The announcement of a second uranium enrichment site puts Iran on the defensive as it tries to head off further sanctions.
The site - said to be near Qom - was acknowledged by Iran in a letter to the International Atomic Energy Agency (IAEA) on Monday, only just pre-empting an announcement by US President Barack Obama. Western intelligence agencies discovered the site some time ago, according to the New York Times.
In its letter to the IAEA, Iran sought to downplay the site's importance, saying that it was a pilot plant still under construction.
The announcement about this site is an embarrassment to Iran, which has said that it is cooperating with the IAEA.
The problem for Iran is that this will increase the suspicions many governments have about its secrecy and its intentions. Under the terms of its agreement with the IAEA, it should have told the agency at the planning and design stage. Iran has tried to repudiate this agreement, so might argue that it did not yet have to report the plant, but the IAEA says that such repudiations are not permitted.
Some fear that Iran is developing at least a nuclear-weapon capacity, with a view to making a bomb one day. Iran says it is against nuclear weapons and is simply making fuel for nuclear power.
Iranian ambitions for this site are not known. It could be that they wanted a back-up in case their main plant at Natanz was attacked. But another fear is that they intended to enrich uranium more highly at the secret plant, to a level suitable for a nuclear explosion.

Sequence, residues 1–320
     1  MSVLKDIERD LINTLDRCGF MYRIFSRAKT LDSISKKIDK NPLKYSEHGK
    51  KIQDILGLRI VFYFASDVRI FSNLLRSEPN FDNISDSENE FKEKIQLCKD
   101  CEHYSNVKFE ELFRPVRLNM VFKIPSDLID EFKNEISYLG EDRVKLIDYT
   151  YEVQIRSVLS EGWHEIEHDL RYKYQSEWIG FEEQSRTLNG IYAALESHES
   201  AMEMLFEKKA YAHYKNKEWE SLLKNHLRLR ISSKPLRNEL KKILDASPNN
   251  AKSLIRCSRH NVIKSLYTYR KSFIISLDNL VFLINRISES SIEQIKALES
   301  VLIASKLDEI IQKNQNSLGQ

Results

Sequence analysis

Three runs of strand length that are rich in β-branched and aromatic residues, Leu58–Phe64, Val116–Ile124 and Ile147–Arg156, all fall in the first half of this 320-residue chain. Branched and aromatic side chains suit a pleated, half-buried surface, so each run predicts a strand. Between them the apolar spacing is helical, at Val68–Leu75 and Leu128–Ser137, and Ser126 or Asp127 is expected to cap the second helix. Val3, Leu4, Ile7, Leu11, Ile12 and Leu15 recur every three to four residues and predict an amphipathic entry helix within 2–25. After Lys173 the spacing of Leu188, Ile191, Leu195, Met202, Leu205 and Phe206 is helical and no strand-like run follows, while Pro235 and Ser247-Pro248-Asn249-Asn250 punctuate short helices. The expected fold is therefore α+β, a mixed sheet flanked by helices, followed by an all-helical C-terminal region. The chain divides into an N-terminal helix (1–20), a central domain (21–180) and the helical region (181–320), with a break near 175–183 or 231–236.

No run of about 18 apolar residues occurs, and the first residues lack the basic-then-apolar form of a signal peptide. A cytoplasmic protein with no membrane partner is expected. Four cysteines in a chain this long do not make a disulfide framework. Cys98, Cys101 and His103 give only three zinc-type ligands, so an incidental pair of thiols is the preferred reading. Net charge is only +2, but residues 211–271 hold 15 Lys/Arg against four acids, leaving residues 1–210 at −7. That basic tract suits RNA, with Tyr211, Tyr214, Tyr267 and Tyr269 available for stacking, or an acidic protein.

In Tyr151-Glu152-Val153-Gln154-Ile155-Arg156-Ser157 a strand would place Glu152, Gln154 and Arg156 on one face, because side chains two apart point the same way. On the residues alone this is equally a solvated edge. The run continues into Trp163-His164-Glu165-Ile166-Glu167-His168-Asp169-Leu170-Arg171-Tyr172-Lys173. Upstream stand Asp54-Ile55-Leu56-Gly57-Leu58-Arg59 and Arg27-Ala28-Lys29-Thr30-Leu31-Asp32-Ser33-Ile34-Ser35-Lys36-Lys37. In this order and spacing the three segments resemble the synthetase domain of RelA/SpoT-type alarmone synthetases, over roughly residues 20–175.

President Obama said that its size and scope was "inconsistent" with a peaceful programme.
Mark Fitzpatrick of the International Institute for International Affairs said the 3,000 centrifuges estimated to be at the plant would not be enough to make any nuclear fuel but could be used to enrich enough uranium to the higher level needed for a nuclear explosion.
He said that Iran did appear to be in violation of its IAEA safeguards agreement.
"Common sense also dictates that at this time Iran would have been open if it had nothing to hide," he added. "This shows it is far from being on the up-and-up."
The discovery will strengthen the demands by the US and its allies for further sanctions to be imposed on Iran unless it suspends all enrichment, as required by the Security Council.
This might help explain why this week Russia appeared to soften its opposition to further sanctions.
The US wants Iran's oil and gas industries to be targeted. Current Security Council sanctions aim principally at its nuclear and ballistic missile work.
President Obama demanded that the new site be opened immediately to IAEA inspection.
According to CNN...
The second nuclear facility, on a military base near the Shia Muslim holy city of Qom, is thought to be capable of housing 3,000 centrifuges, not enough to produce nuclear fuel to power a reactor, but sufficient to manufacture bomb-making material, a U.S. diplomatic source who read the letter told CNN.